In the debate of iceberg lettuce vs. romaine, you’ll see a long origin story for both. Iceberg lettuce has origins that go back to ancient Egypt. They used to grow lettuce on the sides of the Nile River. From there, the lettuce made its way to Rome and finally in the 19th century. Back then, it was called “curled leaf lettuce,” but it got the name “iceberg” due to the fact that it was shipped in ice. The name stuck with Americans because they also used ice to keep the lettuce cold at home.
Romaine also goes back to ancient times, when it was first cultivated in the Middle East. The name “Romaine” comes from the Romans who loved the vegetable and used it often. Later, Romaine spread across Europe and to America. It continues to be used in dishes around the world.
Iceberg Lettuce vs. Romaine: Nutritional Value
When you compare a cup of iceberg lettuce vs. romaine, you’ll find that both are pretty similar when it comes to nutritional value. However, if you’re trying to cut calories and carbs in your diet, then romaine lettuce may be the way to go.
Romain technically has fewer calories than iceberg lettuce and fewer carbohydrates. So if you’re really a stickler for those things, then stick with the Romain. It’s worth noting that iceberg lettuce has a slightly higher protein, so if you plan to be healthy and gain muscle, then go in that direction. Still, you could eat either iceberg or romaine every day, and you won’t gain a lot of weight because they’re both healthy.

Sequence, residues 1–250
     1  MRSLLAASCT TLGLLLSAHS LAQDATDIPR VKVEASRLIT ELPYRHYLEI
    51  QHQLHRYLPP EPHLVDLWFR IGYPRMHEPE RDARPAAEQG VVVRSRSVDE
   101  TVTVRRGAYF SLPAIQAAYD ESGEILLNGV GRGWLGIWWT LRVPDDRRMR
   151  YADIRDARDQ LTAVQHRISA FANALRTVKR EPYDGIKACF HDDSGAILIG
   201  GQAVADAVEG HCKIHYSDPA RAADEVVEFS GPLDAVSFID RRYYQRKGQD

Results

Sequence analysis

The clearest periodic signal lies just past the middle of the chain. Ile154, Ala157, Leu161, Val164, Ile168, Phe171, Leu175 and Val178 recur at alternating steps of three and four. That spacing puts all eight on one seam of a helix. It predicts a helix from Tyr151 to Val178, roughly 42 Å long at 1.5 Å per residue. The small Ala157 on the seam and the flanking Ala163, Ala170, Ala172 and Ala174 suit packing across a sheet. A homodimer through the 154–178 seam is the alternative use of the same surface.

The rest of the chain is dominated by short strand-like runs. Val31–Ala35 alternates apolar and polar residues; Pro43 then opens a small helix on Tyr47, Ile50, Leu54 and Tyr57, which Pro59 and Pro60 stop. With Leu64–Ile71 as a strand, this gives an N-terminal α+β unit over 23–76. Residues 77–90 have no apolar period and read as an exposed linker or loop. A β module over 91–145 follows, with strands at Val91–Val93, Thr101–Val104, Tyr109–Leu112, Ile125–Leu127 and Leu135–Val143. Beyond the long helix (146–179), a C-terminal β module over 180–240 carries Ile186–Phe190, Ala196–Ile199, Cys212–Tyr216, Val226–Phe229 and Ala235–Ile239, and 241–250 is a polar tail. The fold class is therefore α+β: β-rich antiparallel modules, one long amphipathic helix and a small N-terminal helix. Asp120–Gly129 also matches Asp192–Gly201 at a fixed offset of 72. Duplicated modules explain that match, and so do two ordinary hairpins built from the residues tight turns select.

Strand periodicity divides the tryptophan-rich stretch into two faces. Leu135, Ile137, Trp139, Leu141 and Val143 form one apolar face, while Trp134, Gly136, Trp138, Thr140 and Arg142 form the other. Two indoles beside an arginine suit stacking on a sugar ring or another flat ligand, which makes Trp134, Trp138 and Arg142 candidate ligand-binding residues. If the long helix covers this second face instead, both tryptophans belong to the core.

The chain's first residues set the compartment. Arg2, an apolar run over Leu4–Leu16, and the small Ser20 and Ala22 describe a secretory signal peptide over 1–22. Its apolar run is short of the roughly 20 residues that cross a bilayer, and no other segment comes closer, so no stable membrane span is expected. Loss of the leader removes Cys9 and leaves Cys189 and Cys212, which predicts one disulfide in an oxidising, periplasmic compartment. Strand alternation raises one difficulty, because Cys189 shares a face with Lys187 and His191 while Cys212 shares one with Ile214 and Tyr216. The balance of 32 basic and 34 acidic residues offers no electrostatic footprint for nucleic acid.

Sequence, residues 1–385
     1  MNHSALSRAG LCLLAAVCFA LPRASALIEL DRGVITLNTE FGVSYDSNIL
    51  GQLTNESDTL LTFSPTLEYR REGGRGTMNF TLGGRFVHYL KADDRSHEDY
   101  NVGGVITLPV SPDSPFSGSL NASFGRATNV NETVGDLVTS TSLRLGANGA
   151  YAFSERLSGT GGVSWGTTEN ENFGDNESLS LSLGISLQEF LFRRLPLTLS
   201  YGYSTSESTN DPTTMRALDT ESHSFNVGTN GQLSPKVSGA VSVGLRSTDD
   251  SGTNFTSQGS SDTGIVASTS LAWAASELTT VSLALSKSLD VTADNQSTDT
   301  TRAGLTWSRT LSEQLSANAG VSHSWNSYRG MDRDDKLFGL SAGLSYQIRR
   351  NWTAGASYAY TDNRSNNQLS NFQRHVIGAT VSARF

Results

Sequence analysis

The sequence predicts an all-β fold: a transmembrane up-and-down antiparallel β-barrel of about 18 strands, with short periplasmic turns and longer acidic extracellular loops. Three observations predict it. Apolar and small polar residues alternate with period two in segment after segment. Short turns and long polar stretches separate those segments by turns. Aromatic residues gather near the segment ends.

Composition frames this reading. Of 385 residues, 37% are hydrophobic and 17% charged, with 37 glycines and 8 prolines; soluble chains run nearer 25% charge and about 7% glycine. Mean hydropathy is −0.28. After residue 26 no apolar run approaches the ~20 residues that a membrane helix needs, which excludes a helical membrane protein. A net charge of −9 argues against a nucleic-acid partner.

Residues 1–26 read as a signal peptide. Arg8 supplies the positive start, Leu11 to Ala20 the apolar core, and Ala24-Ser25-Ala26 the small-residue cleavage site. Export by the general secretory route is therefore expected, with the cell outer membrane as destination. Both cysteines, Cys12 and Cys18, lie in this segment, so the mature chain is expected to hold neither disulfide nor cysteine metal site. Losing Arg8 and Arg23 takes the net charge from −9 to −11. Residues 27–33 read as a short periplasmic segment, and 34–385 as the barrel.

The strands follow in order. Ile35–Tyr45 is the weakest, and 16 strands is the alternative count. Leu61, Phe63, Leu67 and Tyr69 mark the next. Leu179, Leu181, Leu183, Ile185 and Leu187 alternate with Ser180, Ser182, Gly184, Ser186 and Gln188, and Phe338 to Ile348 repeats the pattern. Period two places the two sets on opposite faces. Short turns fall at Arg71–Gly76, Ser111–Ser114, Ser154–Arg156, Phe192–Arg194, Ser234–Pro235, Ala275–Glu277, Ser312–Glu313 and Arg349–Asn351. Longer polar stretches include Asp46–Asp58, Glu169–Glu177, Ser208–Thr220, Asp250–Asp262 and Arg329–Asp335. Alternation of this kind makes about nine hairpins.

You can see a full breakdown of all the nutrients and components of both foods in the chart below:
Vitamins not mentioned on that list include vitamins A, C, and K.
Vitamin A is helpful for the healthy growth of development of your body and your immune system. It’s also one of the components of eye health. Getting enough of it can help you to avoid cataracts as you get older.